| LIC office in Calcutta: Fair share
Mumbai, Dec. 21: Against the tide — that’s how the Life Insurance Corporation (LIC) likes to swim when it comes to making money on its humungous pile of cash.
Quitting when everyone’s getting in and entering when all are on their way out, has made the Big Daddy of insurance one of the nimblest stock market operators, an unconventional strategy that brings unusual gains — Rs 17,000 crore if it were to sell all its shares.
The contrast could not have been starker with foreign institutional investors (FIIs), whose stock shopping spree has given markets their best run in over four years.
LIC, however, has been buying since 2000, the year bourses tanked. “We have been selling more than we are buying today,” managing director R. . Bharadwaj said.
The corporation has an equity portfolio of Rs 24,000 crore, carefully accumulated during historic lows. “If all our equity investments are marked to market, our notional profit is over Rs 17,000 crore,” said Bharadwaj.
With its shares valued at Rs 41,000 crore, including notional gains, the insurance major has hit the ceiling of 10 per cent — of a firm’s paid-up equity — in most index stocks. “We have always been a contrarian investor,” says Bharadwaj when his attention is drawn to FIIs.
LIC has sold stocks worth almost Rs 5,000 crore against Rs 3,200 crore bought since April. In contrast, 500-odd FIIs have invested to the tune of Rs 28,000 crore.
“LIC is the most adroit among institutional investors,” an institutional broker empanelled with the company said. “The corporation follows the simple strategy of buying at the lows and selling at the highs,” the broker said.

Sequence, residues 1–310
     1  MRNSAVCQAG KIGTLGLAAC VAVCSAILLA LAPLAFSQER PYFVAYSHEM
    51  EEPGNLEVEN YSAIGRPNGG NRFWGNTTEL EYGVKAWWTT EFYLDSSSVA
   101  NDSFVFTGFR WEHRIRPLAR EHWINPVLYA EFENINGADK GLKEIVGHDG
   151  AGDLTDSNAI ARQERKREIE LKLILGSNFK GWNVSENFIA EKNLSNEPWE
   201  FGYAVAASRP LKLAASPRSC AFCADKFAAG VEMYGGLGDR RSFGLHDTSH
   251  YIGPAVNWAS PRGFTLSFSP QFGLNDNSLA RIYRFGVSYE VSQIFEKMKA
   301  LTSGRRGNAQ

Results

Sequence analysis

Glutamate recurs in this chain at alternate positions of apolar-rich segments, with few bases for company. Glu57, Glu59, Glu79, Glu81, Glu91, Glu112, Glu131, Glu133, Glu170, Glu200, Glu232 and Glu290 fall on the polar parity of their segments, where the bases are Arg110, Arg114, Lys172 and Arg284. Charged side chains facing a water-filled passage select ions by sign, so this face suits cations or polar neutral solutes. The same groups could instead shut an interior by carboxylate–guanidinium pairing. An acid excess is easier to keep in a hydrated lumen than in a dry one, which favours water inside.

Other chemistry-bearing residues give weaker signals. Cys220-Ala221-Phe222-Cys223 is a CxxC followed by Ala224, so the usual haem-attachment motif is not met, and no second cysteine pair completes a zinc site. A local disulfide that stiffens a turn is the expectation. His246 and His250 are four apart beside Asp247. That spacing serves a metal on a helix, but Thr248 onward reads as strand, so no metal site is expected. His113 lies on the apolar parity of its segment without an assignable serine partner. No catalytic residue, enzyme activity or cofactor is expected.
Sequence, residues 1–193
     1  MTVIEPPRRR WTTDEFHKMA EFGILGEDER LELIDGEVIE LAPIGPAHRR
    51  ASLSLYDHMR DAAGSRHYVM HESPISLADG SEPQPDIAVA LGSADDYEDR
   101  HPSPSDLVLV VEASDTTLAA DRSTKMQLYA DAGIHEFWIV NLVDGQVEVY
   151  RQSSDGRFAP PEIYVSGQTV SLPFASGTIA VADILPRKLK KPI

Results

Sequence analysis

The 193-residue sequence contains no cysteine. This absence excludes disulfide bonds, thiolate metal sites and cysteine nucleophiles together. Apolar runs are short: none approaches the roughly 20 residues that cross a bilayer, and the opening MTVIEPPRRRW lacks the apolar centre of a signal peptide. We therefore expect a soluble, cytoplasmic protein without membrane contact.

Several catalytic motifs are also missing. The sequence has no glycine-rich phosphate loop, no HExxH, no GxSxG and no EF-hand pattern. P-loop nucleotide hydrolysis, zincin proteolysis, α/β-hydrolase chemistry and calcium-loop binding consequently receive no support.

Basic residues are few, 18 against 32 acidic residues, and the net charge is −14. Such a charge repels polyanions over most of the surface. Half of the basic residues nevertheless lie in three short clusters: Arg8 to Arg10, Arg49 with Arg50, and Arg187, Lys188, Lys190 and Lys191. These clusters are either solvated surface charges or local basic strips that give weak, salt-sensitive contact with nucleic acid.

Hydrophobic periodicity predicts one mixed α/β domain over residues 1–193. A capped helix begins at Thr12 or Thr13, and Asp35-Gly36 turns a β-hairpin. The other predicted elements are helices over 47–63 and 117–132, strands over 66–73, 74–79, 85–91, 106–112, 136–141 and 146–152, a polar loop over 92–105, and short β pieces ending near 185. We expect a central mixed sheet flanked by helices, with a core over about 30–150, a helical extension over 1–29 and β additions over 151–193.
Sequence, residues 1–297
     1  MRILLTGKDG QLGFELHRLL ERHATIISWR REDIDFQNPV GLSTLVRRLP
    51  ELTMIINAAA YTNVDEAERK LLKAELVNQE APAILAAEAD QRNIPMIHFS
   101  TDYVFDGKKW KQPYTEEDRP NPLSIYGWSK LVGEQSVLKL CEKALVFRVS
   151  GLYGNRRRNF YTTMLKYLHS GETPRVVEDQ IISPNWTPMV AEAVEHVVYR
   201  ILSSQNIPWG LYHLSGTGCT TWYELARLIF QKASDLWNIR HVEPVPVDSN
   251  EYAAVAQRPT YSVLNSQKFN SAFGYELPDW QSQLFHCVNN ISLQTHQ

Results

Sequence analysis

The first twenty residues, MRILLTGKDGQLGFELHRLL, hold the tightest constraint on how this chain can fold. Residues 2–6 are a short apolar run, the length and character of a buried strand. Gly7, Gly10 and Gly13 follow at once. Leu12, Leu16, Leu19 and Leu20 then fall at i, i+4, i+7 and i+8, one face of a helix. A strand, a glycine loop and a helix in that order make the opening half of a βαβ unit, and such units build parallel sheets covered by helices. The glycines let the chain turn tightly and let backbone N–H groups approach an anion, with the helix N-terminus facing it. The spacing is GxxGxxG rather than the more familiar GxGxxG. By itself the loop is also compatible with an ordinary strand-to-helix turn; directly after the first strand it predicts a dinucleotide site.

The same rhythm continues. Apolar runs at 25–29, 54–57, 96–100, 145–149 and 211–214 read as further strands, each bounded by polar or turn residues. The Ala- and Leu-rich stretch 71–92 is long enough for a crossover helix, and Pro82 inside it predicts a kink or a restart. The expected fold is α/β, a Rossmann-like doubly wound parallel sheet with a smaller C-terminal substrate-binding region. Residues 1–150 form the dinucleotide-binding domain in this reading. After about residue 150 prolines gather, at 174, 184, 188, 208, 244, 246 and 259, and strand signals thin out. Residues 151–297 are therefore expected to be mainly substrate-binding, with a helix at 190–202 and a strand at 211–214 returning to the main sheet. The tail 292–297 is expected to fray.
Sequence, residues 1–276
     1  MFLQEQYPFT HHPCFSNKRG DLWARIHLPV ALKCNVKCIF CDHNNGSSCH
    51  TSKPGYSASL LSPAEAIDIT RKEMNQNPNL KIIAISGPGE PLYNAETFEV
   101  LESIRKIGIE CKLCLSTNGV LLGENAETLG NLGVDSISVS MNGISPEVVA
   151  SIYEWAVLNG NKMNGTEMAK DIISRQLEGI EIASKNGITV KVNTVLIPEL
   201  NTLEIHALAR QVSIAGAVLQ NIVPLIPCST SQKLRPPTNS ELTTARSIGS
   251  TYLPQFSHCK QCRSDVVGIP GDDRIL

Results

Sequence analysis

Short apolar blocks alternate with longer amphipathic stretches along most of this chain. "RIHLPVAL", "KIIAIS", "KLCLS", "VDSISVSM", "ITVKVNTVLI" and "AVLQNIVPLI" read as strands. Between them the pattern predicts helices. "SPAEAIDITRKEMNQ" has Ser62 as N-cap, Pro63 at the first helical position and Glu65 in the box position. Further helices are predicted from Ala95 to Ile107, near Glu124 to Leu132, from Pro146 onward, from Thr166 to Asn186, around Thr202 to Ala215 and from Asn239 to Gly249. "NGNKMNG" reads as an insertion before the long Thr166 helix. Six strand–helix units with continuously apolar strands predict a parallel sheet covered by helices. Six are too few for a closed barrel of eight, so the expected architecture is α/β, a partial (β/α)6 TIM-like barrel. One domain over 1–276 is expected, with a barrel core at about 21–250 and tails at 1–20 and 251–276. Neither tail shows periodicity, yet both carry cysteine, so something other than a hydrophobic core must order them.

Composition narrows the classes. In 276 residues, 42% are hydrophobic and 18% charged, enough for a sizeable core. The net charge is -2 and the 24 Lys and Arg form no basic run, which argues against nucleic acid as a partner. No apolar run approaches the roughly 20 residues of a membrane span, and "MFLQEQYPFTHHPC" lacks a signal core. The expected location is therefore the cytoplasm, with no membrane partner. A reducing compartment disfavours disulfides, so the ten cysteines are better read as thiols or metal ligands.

LIC has also prudently built a trading portfolio in the past few months. “Most of our investments are long term in nature in line with the business (insurance) we are in,” Bharadwaj said.
To gain from the short-term spikes in the stock market, the corporation has also hiked its trading portfolio from Rs 500 crore last year to Rs 1,500 crore at present, a 200 per cent jump, and it may hike the portfolio even further, he added.
A trading portfolio enables the insurance major to buy and sell stocks even in companies where it has reached the maximum limit of 10 per cent.
LIC is not ruffled by the storm in the marketplace. “We have a reputation of being an historical investor on the Indian stock markets. Equities are for perpetuity. Our objectives are also long-term,” the managing director said.
“As a large domestic institutional investor we have to provide stocks to the FIIs,” Bharadwaj said.
According to Bharadwaj, it is a fact that stock markets are cyclical. “When there is an opportunity and when the bourses need that support, we’ll give that stability to the markets,” he added. LIC is confident as it has just wrested back some crucial percentage points of market share it lost some months ago to the private insurers.
LIC's investment operations are piloted by a 120-member strong team, comprising 60-70 officers. They also look after the insurance major's government securities and corporate bond investments.
“We have the funds. The brokers, financial intermediaries like merchant bankers and even companies make presentations before us. Based on that and by not taking undue risks we decide our strategy,” Bharadwaj said.